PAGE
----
Amid legal tumult, J&J shareholders reject proposal to end talc sales worldwide

Despite facing a mountain of litigation over its talc products and pulling them off shelves in North America two years ago, Johnson & Johnson will continue to sell them in many markets around the world.

The decision was put to a vote of stockholders in J&J’s annual meeting on Thursday and failed (PDF) to receive the majority needed to discontinue sales of the products.

Plaintiffs have brought more than 40,000 lawsuits against the company—with more than 25,000 still outstanding—arguing that the company’s talc products cause cancer. The litigation already has cost J&J nearly $1 billion in legal fees and $3.5 billion on verdicts and settlements. In cases where J&J has lost at trial, the company has pledged to appeal.

In 2019, the FDA discovered traces of asbestos in samples of the company’s iconic baby powder, prompting a recall.

Less than a year later, the company halted sales of its baby powder and other products in North America. J&J said that the move was to allow its manufacturing facilities to produce high-demand medicines and to allow its workers to socially distance.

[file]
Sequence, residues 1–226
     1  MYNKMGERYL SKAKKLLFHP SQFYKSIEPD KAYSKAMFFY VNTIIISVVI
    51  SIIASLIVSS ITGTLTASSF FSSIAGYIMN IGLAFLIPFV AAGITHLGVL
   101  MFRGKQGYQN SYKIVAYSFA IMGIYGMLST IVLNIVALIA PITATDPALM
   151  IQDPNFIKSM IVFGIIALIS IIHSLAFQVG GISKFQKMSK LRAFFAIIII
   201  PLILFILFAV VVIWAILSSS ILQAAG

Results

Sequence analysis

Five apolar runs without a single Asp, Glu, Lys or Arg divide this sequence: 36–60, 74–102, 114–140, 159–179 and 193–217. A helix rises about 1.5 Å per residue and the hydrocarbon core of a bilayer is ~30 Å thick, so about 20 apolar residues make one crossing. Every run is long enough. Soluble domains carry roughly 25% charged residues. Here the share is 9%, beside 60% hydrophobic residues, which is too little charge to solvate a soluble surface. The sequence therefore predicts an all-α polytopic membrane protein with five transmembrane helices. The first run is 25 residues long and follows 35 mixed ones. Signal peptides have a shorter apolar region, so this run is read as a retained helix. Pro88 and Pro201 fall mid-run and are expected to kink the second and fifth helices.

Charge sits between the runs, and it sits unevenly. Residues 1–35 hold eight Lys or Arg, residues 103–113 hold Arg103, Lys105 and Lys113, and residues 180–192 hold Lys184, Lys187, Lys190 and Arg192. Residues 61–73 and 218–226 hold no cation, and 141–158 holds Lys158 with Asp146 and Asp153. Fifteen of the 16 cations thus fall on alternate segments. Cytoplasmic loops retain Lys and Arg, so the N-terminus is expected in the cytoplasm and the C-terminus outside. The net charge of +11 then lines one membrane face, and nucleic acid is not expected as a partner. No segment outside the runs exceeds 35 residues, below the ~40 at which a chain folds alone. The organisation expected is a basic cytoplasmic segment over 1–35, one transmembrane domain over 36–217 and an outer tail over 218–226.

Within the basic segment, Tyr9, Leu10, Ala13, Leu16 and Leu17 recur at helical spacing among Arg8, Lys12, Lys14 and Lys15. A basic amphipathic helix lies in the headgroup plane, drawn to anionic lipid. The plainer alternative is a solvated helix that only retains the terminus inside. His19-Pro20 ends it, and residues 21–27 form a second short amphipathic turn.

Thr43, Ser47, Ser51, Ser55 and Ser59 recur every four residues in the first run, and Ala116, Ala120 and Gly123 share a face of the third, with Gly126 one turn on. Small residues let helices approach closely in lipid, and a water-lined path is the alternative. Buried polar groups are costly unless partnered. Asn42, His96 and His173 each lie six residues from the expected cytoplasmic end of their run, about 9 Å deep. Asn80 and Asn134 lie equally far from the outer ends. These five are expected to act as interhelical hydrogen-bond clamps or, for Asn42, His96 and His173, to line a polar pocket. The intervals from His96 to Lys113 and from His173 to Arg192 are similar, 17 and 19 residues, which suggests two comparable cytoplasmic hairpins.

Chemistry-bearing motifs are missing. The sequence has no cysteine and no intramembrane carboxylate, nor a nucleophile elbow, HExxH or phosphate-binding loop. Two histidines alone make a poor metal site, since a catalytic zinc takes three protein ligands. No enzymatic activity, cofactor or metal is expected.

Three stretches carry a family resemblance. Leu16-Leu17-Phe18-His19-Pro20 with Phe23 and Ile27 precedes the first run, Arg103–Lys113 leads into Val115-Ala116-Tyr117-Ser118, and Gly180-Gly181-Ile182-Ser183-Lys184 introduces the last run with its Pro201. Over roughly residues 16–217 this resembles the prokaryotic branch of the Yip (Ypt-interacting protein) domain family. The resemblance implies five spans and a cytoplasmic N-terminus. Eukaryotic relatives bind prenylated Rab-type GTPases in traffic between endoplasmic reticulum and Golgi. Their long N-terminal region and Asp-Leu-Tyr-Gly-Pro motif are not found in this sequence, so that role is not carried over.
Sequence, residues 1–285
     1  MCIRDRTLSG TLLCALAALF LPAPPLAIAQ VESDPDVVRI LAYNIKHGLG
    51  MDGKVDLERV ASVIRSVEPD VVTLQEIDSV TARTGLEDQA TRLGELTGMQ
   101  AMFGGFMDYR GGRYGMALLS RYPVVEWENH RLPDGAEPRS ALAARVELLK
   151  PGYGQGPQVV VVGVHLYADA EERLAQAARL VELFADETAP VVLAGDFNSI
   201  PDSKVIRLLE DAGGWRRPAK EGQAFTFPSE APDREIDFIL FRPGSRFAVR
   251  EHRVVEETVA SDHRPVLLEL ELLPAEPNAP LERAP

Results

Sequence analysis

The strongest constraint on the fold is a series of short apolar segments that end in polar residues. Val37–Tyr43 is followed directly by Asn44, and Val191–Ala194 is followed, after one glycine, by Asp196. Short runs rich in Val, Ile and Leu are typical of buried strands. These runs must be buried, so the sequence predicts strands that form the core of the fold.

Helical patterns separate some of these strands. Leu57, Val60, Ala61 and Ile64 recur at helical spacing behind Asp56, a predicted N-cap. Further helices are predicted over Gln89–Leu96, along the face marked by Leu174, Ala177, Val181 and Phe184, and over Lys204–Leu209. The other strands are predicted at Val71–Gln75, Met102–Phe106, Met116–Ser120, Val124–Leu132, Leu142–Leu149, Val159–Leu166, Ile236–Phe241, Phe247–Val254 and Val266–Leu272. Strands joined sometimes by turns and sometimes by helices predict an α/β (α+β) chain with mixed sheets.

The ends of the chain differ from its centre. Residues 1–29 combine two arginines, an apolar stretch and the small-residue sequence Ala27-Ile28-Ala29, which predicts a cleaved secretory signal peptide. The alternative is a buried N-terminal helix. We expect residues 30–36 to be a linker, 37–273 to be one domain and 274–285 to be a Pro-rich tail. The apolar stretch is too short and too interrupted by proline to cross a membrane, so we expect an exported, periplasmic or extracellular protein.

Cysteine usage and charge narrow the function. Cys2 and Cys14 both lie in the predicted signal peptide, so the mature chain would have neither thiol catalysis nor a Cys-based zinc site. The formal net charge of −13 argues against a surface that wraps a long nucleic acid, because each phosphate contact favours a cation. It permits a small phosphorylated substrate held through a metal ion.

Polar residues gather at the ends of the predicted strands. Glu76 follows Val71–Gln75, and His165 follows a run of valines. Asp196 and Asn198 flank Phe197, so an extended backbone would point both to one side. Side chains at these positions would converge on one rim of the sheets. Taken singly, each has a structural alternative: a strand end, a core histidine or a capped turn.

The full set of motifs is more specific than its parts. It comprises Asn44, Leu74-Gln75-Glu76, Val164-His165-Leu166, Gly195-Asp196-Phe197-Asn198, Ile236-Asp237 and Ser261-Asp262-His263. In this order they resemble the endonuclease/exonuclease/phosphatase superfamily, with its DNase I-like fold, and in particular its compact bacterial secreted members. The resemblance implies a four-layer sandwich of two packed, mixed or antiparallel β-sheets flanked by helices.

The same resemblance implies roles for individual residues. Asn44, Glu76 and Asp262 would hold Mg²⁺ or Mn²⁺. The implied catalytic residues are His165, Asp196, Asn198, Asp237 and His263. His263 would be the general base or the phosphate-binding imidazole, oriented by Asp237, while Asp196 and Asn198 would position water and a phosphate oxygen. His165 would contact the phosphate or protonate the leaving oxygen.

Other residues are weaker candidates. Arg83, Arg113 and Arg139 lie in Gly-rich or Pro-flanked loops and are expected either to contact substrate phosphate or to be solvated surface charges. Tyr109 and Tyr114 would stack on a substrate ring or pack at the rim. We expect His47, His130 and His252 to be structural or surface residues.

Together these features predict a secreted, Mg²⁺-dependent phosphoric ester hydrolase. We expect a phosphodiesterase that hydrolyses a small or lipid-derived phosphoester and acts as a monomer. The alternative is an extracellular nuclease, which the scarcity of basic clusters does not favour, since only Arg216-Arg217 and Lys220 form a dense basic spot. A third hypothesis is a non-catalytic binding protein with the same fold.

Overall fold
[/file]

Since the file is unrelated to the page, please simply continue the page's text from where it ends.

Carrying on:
As the litigation has gained steam, J&J created a company to absorb its talc liabilities and declare for bankrupcty protection. J&J has established a $2 billion trust to resolve the claims.

“JNJ remains vulnerable to further erosion of its reputation as a trusted purveyor of health-related products by continuing to sell and market its talc-based Baby Powder to the rest of the world,” the proposal said.

The company’s board responded to the challenge, defending the product.

“The weight of the science does not support any claim that the talc used in JBP causes cancer,” it wrote.

One shareholder proposal that was passed by shareholders on Thursday was a racial justice audit. The proposal cited J&J’s marketing of baby powder to minority and overweight women which “are troubling,” the proxy read.